Students, administration seek solutions to shootings


Senior Ritvik Bonam speaks at the Allen County Courthouse on February 25 as part of the Students Demand Action rally in response to the shootings in Parkland, Fla. Photo by Nol Beckley

Tauri Hagemann, Opinions Editor

After the shooting that took place in Parkland, Florida last month, surviving students from Marjory Stoneman Douglas have been trying to organize protests and ways to draw more attention to the issue of gun control. Many of these movements have drawn national attention, and have Carroll students who plan to participate or help in whatever ways they can. 

One such protest that’s being planned with help from the Women’s Movement’s Youth EMPOWER group is a national school walkout, to occur on Wednesday, March 14 (one month after the shooting took place). Students and teachers are prompted to leave their school building at 10 a.m. and stand outside for 17 minutes, one minute for every student who died in Florida.  

There is also a national walkout being planned for April 20, which marks 19 years since the Columbine shooting. This walkout is being organized by Lane Murdock, a student who lives near Sandy Hook Elementary School (which was the site of yet another school shooting in December of 2012).

This walkout is scheduled for 10 a.m.; however, students are expected to stay outside of the building for 17 minutes to honor the Parkland victims, and then to leave for the rest of the afternoon and not return until action has been taken about the gun violence issue. National School Walkout also supports walkouts that remain in the school building. 

Based off of a poll on the Charger Online Twitter page, a small number of students are planning on participating in the walkout on March 14. Senior Mackenzie Sanders said she understands why there is a protest, but is concerned about the safety of participating in a walkout.

“The walkouts are important to show solidarity with those students in Florida and their message. We never want to have to mourn children’s lives again this way, and we need to be able to feel safe in schools,” she said. 

Despite the message of wanting to feel safe in schools, Superintendent Dr. Chris Himsel has expressed hesitations regarding the walkout in relation to student safety.

“In debating school safety and doing a walkout, you’re actually doing an unsafe act to promote school safety,” Dr. Himsel said.

In walking out of the building, students are leaving the protection of the school building and actually putting themselves into more danger.

“If someone were to do something you’ve advertised to the whole world what time to be there and when to do something,” he added. 

Dr. Himsel is still a supporter of acting for change, yet he suggests a different method of doing so. He proposes that students contact state representatives and legislature, and try to schedule a forum of sorts in which to speak with them.

“The state legislature you will have far more impact on, and the state legislature you will have more voice. The more local it is, the more voice you have,” Dr. Himsel said.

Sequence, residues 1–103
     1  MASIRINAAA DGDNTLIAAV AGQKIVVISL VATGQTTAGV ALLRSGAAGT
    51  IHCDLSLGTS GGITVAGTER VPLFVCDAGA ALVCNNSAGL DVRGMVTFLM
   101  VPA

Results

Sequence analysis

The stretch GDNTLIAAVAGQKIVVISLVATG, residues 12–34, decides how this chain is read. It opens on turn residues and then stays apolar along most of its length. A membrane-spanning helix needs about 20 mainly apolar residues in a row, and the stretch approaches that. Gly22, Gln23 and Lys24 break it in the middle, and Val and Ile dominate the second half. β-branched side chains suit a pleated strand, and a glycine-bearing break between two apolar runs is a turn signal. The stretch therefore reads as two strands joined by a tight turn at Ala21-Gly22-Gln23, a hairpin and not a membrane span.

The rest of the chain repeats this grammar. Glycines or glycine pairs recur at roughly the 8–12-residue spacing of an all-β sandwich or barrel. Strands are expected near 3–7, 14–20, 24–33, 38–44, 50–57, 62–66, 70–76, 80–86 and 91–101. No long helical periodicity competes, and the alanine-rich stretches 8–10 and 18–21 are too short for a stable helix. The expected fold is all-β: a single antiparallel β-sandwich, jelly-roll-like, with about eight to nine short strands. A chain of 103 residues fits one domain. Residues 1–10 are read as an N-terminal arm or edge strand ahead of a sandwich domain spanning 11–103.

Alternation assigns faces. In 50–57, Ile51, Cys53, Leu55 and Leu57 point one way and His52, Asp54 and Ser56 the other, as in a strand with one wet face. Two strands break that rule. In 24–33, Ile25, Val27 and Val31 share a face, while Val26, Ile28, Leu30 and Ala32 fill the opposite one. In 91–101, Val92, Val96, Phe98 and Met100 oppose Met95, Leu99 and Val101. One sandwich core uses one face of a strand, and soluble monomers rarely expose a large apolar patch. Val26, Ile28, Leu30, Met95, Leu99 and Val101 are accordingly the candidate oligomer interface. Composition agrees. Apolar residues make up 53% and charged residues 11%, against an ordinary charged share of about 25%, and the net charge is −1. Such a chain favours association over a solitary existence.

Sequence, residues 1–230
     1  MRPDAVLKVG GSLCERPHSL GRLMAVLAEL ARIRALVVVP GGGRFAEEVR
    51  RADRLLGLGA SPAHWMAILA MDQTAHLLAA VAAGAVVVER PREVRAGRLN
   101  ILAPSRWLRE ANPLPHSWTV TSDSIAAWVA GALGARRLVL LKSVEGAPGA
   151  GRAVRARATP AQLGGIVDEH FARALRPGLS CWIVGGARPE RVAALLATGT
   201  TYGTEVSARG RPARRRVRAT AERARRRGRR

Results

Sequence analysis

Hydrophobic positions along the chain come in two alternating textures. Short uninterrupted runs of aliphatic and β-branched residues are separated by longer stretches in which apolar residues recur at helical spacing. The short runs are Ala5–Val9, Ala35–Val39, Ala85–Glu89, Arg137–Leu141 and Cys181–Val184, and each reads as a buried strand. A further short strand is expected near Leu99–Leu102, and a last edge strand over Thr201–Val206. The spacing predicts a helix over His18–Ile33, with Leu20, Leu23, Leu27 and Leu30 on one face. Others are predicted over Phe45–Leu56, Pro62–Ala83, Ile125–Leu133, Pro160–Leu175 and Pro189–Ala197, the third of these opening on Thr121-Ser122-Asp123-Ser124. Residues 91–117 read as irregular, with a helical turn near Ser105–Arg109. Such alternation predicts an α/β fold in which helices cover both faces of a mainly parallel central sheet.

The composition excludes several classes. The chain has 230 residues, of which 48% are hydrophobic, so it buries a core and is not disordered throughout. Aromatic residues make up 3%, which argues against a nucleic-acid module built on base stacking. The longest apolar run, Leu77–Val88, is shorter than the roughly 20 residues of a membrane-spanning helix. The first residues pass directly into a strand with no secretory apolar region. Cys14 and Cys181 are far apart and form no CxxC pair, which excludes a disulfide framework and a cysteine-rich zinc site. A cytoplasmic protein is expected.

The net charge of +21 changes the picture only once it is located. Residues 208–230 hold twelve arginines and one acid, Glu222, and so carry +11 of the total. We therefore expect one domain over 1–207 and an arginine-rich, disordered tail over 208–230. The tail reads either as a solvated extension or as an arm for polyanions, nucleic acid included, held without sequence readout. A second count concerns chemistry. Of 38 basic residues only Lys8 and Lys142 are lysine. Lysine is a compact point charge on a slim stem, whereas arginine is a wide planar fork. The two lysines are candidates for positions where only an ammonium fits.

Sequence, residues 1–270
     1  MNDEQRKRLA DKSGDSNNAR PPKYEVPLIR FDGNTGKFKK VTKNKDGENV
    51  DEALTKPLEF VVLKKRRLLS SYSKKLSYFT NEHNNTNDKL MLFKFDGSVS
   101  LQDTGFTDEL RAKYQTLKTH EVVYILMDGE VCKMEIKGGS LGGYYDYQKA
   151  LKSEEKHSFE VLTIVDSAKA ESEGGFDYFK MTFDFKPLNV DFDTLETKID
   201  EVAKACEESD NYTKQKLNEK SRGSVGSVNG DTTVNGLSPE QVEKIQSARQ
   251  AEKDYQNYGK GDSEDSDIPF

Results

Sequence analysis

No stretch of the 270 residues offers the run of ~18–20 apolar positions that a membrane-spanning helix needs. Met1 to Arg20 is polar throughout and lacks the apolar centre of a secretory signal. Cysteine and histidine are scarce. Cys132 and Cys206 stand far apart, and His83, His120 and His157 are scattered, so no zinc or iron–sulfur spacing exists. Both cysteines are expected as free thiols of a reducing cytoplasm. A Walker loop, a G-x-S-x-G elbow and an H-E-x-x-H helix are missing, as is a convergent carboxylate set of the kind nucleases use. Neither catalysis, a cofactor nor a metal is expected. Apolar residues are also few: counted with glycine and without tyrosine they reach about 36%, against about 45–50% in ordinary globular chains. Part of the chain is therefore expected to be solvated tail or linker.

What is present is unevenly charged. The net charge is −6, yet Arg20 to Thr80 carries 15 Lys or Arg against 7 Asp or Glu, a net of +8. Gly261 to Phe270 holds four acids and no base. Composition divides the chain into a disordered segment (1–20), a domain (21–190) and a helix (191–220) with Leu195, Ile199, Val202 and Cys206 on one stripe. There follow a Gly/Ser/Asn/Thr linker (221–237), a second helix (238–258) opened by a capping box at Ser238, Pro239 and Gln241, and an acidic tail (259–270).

Principal Brandon Bitting agrees, saying he supports giving students a voice but worries that they’re going about it the wrong way. However, he would be in favor of working with students on something less disruptive to the school day.

Mr. Bitting is also unable to support the walkouts, however, because of the political message that it may send.

“If I support this and help students organize this, and then the KKK comes to me and wants my help organizing something, I have to do it… it’s that neutral stance we have to take,” he said. 

Because of this need for political neutrality, students who choose to participate in the walkouts will be receiving discipline for doing so. Mr. Bitting has said that it will be treated the same as if a student walks out of class on any other day; they will be marked as truant, and will receive a Monday School detention.

So far, though, students seem supportive of a forum or a less disruptive means of making a point. Mackenzie said that she thinks the most important thing to do is to be informed, especially for students who will be voting in the fall. 

“We need to be informed voters and use that tool to voice our opinions,” she said. 

Knowing that students are in support of the idea, progress can start on planning something with local politicians. In fact, the Charger Online staff is currently in the process of trying to work out the logistics for a forum of sorts, where kids from Carroll as well as other local high schools can gather to speak with local politicians and make their voices heard.

Yet another way for students to make their voices heard would be to write letters to these politicians. Mr. Bitting supports this idea. He said that “if they have 400 letters from Carroll students that they have to go through,” then that will help convey the message more clearly than simply walking out of the building will.

If you want to contact legislation via telephone or write a letter, Indiana’s two current US senators are Todd Young (Republican) and Joe Donnelly (Democrat), and the congressman representing the Fort Wayne area is Jim Banks. You can contact any of them by clicking their names above, and the Charger Online will continue posting information regarding any upcoming political forums.